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How much should an 80-year-old have in stocks?
Q: Should a senior over the age of 80 have any money at risk in the stock market? I've heard some people use an "80/20" rule in that situation.
A: As simple as it is, there is some merit to using something like an 80/20 rule. Still, it's important to remember that those are broad guidelines, and thus are not suited to the specifics of every situation.
The 80/20 rule you are probably referring to is a guideline for adjusting asset allocation as a person ages. Essentially, it uses the person's age to set the percentage of lower-risk assets, such as savings accounts and bonds. So, a 30-year-old would have an asset allocation of 70 percent stocks, with 30 percent in bonds and savings accounts; a 40-year-old would have 60 percent in stocks, etc. Under that system, an 80-year-old would have 20 percent in stocks, with the remaining 80 percent in bonds and savings accounts.
The value of that kind of system is two-fold: It prompts people to adjust their asset allocation over time, which they often forget to do, and it guides them toward more conservative allocations as they grow older. Both are valid principles. However, this is a very broad, one-size-fits-all kind of tool, so it's worth thinking through how your particular situation might be different.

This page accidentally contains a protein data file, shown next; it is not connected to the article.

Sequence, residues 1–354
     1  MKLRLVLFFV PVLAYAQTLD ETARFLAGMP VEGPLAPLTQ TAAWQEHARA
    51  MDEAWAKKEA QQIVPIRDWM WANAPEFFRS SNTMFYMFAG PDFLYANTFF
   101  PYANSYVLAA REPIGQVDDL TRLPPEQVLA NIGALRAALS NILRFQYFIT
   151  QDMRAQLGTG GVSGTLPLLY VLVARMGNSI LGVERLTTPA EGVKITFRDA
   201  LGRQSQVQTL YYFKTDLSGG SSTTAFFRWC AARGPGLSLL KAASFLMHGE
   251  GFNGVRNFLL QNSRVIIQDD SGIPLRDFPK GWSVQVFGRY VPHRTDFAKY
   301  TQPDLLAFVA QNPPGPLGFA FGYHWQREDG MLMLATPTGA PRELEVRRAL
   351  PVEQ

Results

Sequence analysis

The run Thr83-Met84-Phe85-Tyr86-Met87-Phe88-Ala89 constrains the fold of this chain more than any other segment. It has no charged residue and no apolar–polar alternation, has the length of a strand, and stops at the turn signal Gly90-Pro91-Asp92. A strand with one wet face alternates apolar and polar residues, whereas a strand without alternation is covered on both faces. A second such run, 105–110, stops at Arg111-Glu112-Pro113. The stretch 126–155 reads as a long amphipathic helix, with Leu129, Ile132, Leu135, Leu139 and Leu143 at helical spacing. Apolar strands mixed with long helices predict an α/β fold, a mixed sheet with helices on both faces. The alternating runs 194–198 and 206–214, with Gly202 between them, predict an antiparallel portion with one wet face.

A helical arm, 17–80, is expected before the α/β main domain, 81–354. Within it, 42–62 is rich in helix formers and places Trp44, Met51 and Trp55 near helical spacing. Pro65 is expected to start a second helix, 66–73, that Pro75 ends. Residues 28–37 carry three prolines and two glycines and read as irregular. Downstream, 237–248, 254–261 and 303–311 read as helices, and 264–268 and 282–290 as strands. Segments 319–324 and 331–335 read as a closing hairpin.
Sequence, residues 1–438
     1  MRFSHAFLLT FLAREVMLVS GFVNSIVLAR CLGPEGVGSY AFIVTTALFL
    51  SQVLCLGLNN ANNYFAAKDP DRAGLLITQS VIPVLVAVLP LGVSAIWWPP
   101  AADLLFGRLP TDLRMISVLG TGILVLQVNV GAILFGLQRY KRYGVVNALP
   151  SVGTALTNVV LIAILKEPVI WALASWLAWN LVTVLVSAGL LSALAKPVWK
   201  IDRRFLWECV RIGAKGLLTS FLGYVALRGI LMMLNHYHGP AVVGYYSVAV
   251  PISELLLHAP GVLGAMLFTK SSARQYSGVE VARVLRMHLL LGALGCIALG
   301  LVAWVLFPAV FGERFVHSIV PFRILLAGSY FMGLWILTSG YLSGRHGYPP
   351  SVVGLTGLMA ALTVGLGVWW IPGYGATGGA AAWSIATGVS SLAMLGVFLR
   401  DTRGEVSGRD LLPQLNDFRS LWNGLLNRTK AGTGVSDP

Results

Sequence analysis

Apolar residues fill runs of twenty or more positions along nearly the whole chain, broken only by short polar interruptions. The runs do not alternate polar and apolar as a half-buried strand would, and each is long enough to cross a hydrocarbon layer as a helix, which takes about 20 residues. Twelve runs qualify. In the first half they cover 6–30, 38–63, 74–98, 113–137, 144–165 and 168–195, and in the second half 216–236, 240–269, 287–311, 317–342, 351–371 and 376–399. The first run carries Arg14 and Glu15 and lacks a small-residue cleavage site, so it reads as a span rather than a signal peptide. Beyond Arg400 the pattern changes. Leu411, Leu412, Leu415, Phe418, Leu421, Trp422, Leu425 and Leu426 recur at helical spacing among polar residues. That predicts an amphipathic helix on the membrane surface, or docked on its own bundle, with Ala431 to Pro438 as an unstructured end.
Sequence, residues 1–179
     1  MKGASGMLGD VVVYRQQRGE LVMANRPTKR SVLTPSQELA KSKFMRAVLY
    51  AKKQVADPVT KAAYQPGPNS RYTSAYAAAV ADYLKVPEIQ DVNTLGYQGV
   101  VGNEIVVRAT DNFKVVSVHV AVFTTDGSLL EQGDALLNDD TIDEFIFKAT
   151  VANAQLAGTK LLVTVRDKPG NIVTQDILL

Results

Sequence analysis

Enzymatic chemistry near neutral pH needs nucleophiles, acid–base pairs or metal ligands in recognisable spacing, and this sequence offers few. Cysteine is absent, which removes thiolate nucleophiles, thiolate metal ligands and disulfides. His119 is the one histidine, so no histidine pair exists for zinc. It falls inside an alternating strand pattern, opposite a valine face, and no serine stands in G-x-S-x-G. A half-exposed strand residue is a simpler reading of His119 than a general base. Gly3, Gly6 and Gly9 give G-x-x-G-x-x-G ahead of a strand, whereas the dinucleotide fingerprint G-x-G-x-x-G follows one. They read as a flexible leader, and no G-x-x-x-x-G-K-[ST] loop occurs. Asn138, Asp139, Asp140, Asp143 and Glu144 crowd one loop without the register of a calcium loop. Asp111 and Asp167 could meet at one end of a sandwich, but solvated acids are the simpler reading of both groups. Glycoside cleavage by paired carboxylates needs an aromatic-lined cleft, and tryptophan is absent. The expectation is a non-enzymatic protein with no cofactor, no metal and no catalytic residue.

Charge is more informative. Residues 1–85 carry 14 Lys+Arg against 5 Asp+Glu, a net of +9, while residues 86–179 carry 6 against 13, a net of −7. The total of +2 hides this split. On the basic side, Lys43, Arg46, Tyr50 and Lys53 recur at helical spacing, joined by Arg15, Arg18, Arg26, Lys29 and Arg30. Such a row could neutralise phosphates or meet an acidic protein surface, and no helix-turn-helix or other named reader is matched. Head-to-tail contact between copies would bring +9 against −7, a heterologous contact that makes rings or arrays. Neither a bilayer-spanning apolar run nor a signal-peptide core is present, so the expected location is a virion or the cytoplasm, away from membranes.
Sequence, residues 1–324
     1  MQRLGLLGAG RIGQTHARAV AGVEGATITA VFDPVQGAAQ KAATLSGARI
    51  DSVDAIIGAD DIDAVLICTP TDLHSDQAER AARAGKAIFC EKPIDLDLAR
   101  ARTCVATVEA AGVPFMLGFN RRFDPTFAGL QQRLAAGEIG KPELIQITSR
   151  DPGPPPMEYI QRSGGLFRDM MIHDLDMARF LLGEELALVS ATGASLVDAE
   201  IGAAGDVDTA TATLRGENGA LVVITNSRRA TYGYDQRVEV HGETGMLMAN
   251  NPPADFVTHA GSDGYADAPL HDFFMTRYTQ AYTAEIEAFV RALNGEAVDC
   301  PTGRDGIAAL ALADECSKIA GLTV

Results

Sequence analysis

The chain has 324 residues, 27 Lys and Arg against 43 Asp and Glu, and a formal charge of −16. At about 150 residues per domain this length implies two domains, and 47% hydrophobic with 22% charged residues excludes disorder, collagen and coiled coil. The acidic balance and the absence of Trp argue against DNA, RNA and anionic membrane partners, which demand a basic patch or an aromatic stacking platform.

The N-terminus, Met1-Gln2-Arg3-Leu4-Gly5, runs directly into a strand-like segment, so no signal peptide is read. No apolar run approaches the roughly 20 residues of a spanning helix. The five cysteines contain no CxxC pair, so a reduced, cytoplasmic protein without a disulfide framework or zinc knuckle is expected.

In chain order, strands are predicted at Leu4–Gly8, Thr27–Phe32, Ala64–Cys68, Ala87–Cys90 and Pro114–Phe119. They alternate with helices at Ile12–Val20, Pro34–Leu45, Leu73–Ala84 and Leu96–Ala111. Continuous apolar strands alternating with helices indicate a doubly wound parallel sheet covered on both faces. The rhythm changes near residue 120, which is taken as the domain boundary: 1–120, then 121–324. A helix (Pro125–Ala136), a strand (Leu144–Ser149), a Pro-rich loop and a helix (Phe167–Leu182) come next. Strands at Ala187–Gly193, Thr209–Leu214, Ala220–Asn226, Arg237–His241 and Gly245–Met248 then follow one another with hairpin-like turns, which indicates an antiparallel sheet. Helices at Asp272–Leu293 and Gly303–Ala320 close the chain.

First, consider the role of stocks in a portfolio. For a younger person, they can help retirement savings grow. For an older person, their role is more as a cushion against inflation. People with a set amount of financial resources are especially vulnerable to inflation, and they may have enough years left for inflation to take a serious toll.
One of the mistakes people make is underestimating how long they are likely to live in retirement. The average life expectancy in the U.S. may be 78.5 years (according to the Centers for Disease Control), but if a person makes it to age 80, life expectancy extends for 9.2 more years.
This is why you don't want to get too conservative too quickly. In fact, for some 80-year-olds, 20 percent in stocks might not be enough. If you have ample means to live on, and are concerned with leaving some assets behind as a legacy, either for the benefit of relatives or charity, then you might want to have a higher percentage in stocks.
In that situation, you can mentally separate two portions of your money: the portion you will need to live on, and the portion you expect to leave behind. The portion you need to live on should have the conservative allocation associated with an 80-year-old, but the portion you expect to leave behind is earmarked for the future, and can afford a more aggressive asset allocation.
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